Empire State strikes again with bill imposing background checks on printer purchases

(AP Photo/ Khalil Hamra)

Call it the Oprah-fication of New York’s gun control regime. First we had background checks on all commercial gun sales. Then it was all transfers of firearms. More recently, the state has imposed background checks on all ammunition purchases, moving ahead despite the new system’s lengthy delays and false denials.

Now a bill has been introduced in the state Assembly that would require anyone purchasing common 3D printers to undergo a background check before taking possession.

A tip of the hat to the Firearms Policy Coalition for highlighting A08132, which as they note, would impose that background check requirement on anyone buying a 3D printer that could be used to assemble a home-built firearm.

Ass. Jennifer Rajkumar, the Democrat from Queens who introduced the legislation, claims that “three-dimensionally printed firearms, a type of untraceable ghost gun, can be built by anyone using an [sic] $150 three-dimensional printer” and that more than 600 such firearms were “taken off the streets of New York City in 2019.”

Rajkumar goes on to assert that imposing a background check on the retail sales of 3D printers would ensure that “three-dimensional printed firearms do not get in the wrong hands,” which is a real stretch. After all, despite all of New York’s existing gun control laws criminals are still able to get their hands on a gun without much hassle, so I doubt that requiring background checks on all 3D printers is going to make much of a difference.

If anything, Rajkumar’s bill would simply expand the underground market to 3D printers in addition to 3D printed guns, stolen firearms, and those illicitly obtained through a straw purchase. In all honestly, though, I doubt it would even do that.

A08132 suffers from several issues; some more obvious than others. First, who exactly is going to conduct these background checks? 3D printers aren’t generally sold at gun shops. You’re more likely to run across one at an electronics store (either online or a brick-and-mortar shop), and those establishments simply aren’t equipped to run a background check on their customers.

Under the bill as it is currently written, those retailers are supposed to contact the state’s Division of Criminal Justices Services every time someone wants to purchase a 3D printer that could possibly be used to print a component of a firearm, which would be almost every 3D printer on the market. The DCJS then has a full fifteen days to conduct a background check, though the bill is silent on what happens if the agency doesn’t get back to the retailer within that 15-day window, so that two-week waiting period could stretch out indefinitely without any chance of recourse on the part of the purchaser.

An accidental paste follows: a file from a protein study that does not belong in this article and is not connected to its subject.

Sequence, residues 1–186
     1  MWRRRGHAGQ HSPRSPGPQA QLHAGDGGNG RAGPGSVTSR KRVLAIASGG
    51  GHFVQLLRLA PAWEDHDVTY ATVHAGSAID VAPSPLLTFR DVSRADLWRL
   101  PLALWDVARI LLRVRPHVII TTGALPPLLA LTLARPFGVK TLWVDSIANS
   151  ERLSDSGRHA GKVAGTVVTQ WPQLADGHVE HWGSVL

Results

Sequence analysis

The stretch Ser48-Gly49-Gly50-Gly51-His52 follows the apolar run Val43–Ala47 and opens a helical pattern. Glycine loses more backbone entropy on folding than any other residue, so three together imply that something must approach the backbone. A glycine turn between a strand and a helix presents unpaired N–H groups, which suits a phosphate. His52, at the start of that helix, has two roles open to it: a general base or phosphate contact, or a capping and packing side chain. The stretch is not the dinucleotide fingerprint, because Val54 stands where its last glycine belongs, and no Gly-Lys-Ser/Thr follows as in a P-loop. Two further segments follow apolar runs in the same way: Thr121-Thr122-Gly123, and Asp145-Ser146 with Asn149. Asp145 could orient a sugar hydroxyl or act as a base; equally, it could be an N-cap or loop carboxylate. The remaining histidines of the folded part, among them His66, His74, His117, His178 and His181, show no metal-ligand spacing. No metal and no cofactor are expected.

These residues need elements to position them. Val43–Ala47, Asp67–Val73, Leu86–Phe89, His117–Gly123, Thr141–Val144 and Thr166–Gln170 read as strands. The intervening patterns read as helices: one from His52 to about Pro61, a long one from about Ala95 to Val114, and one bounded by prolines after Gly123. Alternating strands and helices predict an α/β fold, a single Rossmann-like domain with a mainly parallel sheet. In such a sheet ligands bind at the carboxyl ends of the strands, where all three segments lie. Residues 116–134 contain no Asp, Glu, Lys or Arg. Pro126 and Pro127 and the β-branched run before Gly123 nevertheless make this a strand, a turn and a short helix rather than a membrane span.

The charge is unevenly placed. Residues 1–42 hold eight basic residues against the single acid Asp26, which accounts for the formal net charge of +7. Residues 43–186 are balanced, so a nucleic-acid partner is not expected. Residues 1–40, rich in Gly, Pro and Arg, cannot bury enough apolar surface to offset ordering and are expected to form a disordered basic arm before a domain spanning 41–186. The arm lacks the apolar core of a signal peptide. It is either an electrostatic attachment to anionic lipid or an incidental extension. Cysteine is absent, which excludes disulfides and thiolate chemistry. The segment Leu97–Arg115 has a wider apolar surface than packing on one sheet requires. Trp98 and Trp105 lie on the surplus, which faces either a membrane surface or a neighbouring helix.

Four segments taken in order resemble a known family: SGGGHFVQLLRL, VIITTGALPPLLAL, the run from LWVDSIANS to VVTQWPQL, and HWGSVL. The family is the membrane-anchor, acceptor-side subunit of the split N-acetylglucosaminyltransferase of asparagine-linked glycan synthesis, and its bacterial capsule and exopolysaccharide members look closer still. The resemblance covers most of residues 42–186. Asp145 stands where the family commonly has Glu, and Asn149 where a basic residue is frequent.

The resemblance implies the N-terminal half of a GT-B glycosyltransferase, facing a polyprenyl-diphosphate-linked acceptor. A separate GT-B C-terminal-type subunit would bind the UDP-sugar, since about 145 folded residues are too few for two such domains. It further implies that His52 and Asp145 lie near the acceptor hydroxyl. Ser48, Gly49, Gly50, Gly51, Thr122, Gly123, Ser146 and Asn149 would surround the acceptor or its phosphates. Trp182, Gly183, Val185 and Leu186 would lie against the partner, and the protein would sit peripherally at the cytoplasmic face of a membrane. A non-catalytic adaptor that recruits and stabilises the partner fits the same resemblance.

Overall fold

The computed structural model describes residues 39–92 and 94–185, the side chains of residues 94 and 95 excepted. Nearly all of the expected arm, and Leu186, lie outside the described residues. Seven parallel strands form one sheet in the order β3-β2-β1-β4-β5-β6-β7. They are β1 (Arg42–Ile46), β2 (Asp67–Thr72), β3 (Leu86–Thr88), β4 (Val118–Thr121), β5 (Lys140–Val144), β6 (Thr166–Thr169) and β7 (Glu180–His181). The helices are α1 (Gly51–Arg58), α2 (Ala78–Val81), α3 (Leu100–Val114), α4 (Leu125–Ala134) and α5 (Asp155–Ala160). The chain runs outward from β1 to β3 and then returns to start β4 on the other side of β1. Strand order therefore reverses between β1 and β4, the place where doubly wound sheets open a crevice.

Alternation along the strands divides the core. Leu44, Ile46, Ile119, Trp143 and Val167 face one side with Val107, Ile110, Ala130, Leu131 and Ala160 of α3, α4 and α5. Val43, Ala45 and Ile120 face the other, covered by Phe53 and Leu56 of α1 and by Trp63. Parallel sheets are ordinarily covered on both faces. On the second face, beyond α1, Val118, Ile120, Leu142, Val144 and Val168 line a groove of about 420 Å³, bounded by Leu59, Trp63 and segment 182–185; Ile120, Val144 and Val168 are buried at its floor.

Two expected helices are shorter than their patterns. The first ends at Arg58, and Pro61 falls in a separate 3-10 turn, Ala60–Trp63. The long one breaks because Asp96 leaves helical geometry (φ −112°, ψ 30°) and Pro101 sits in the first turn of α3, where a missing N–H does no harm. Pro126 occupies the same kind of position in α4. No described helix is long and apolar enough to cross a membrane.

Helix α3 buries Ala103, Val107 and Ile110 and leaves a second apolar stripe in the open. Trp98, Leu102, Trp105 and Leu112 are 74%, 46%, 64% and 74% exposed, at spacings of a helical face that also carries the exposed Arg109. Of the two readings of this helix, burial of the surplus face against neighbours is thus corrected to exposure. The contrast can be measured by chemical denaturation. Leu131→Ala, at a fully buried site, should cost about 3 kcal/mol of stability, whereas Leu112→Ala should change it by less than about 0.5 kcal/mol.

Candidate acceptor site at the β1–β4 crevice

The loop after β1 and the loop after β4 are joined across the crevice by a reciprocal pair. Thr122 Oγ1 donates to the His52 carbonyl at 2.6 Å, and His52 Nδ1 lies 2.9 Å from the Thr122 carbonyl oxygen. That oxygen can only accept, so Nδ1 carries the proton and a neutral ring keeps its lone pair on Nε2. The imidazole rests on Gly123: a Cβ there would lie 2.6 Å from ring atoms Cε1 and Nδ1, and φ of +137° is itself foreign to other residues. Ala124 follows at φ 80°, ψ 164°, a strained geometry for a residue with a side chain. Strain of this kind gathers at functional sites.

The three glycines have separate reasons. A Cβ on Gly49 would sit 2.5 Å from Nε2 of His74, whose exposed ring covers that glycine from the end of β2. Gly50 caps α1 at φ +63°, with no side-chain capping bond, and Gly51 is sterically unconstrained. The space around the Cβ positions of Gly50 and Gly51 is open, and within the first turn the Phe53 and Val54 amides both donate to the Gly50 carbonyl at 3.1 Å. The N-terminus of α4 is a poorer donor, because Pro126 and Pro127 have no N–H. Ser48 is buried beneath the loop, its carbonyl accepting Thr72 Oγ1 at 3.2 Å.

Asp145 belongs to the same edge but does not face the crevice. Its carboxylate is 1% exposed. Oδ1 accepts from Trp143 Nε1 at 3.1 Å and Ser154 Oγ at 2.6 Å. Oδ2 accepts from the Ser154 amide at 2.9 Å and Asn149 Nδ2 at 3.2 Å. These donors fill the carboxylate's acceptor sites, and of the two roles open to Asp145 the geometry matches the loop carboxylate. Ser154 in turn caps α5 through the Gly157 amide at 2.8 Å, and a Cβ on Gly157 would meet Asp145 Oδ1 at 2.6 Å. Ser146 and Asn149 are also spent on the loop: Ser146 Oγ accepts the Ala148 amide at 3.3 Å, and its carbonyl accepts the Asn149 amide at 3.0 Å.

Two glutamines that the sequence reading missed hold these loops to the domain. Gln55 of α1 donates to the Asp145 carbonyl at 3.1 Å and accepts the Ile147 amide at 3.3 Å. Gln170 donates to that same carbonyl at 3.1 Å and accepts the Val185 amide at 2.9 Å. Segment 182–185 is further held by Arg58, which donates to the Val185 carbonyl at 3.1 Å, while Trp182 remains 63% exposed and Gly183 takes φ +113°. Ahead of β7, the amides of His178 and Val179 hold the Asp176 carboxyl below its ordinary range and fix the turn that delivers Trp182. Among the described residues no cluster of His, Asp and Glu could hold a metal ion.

What happens if those retailers choose to ignore the background check requirement altogether? Based on what I’ve read in A08132, nothing. Rajkumar’s legislation says nothing about non-compliance, including any potential criminal or civil penalties. Instead, the legislation merely states that “no retailer shall sell any three-dimensional printer capable of printing a firearm unless the Division of Criminal Justice Services provides written notification of the determination” about the purchaser, leaving the consequences for doing so up in the air.

Perhaps the biggest issue with Rajkumar’s bill, however, is that being convicted of a felony or “serious offense” doesn’t justify being banned from possessing a 3D printer. Yes, it might be possible to print some components of a firearm with a common 3D printer, but that doesn’t mean that every person prohibited from possessing a firearm under state or federal law is going to buy a printer with the intent of making their own guns. How far is the state going to go in restricting the actions of prohibited persons here? You can make an improvised firearm with stuff you can pick up at your local hardware store. Does Rajkumar think that every purchase from a Lowe’s or Home Depot should have to go through a background check as well?

As always, the real issue isn’t the inanimate object, whether we’re talking about a gun, a bullet, or a printer. It’s the intent of the individual who possesses those items that matters most, and Rajkumar is utterly clueless if she thinks that imposing background check requirements on the purchase of a printer is going to stop the illicit trafficking in firearms, both homemade and those originally acquired in a retail transaction. We’ll be keeping a close eye on A08132 in the weeks ahead to see if it’s attracting any cosponsors, because the sad truth is that there are probably enough anti-gun zealots in Albany to actually enshrine this bit of idiocy into law once the 2024 session kicks off in a couple of months.